Some characteristic forenames: French Armand, Emile, Jacques, Marcel, Pierre, Andre, Lucien, Normand, Henri, Michel, Cecile, Gabrielle.English, Scottish, French, Walloon, Breton, Dutch, German, Polish, Czech, Slovenian, West Indian (mainly Haiti), and African (mainly Tanzania): from the personal name Bernard, from an ancient Germanic name, composed of the elements ber(n) ‘bear’ + hard ‘brave, hardy, strong’ (see Bernhard ). It was borne by several Christian saints, including Saint Bernard of Menthon (923–1008), founder of Alpine hospices and patron saint of mountaineers, whose cult accounts for the frequency of the name in Alpine regions. The popularity of the personal name was also greatly increased by virtue of its having been borne by Saint Bernard of Clairvaux (c. 1090–1153), founder and abbot of the Cistercian monastery at Clairvaux. In North America, the English form of the surname has absorbed cognates from other languages, e.g. Italian Bernardo . Bernard is the second most frequent surname in France. Compare Barnard , Benore , and Burnor .History: The first documented bearer of this name in Canada was from the Lorraine region of France. He is recorded in Quebec City, QC, in 1666 as Jean Bernard. He and some of his descendants were dit Anse or Hanse, presumably because his original forename was Hans (German equivalent of French Jean). — The Bernard families of LA have origins in France, Acadia, the West Indies, and Germany. — This surname is listed in the (US) National Huguenot Society's register of qualified Huguenot ancestors and also in the similar register of the Huguenot Society of South Carolina.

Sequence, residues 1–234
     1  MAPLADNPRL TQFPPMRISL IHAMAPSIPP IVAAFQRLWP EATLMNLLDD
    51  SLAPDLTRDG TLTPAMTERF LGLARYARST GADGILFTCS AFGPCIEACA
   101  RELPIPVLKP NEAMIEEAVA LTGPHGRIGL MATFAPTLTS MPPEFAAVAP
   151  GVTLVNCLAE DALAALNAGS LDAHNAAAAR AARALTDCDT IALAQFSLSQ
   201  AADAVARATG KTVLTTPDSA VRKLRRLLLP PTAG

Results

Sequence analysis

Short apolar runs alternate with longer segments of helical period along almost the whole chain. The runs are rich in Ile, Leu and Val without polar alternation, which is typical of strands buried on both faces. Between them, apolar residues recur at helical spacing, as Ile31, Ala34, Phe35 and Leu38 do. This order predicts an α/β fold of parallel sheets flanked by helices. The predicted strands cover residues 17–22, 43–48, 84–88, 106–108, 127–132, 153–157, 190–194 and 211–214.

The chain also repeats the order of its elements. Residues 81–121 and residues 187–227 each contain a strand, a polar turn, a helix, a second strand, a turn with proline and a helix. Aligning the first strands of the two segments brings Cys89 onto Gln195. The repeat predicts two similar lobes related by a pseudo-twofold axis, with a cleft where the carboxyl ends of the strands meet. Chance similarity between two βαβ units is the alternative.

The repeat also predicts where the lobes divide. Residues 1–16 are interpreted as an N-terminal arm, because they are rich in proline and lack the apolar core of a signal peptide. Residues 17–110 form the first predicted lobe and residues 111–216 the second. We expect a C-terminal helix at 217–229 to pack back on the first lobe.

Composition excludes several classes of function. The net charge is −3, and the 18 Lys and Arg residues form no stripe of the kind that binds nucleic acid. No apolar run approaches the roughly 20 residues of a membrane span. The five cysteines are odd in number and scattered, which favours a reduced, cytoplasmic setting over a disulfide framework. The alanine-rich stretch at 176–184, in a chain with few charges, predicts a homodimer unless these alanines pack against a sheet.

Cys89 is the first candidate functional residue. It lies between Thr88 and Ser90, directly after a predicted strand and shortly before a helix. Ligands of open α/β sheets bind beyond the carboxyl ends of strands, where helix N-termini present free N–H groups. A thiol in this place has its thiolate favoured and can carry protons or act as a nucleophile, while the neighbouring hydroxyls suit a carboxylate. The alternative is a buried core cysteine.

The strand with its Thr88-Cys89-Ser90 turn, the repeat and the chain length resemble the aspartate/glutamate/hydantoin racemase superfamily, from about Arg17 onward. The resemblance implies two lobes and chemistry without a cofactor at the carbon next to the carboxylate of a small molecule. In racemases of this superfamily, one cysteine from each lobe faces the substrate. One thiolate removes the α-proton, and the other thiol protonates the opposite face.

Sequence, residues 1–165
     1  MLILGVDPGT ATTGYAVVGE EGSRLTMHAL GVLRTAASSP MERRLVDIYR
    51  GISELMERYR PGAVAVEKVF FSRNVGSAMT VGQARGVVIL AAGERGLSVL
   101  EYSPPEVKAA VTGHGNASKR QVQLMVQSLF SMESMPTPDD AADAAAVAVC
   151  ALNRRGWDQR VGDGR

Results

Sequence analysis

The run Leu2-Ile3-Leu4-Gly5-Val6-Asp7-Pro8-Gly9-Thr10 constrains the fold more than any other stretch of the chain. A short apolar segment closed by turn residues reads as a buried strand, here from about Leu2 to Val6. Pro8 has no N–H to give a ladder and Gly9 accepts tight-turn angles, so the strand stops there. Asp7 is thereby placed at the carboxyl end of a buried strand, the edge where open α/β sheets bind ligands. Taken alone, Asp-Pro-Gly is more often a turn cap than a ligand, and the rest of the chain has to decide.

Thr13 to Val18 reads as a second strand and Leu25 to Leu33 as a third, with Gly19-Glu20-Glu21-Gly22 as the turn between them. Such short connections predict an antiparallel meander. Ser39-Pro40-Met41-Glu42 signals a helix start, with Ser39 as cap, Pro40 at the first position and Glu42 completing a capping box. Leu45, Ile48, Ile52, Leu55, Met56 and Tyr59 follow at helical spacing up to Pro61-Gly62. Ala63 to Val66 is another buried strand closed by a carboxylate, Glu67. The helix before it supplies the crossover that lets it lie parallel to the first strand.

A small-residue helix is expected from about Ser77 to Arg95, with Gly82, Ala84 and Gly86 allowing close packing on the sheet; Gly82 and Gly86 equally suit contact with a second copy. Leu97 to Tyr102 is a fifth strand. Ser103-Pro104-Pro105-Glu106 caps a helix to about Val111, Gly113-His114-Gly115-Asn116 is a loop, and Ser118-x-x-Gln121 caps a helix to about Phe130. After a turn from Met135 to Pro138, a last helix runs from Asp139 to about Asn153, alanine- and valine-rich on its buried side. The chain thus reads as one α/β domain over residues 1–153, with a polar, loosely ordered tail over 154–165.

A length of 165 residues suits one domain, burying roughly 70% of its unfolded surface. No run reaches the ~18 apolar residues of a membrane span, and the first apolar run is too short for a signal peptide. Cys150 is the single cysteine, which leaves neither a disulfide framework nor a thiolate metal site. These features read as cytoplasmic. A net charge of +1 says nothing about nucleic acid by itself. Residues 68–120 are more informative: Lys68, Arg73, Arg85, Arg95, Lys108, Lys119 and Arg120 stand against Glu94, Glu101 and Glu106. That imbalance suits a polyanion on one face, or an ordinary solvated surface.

Dictionary of American Family Names © Patrick Hanks 2003, 2006.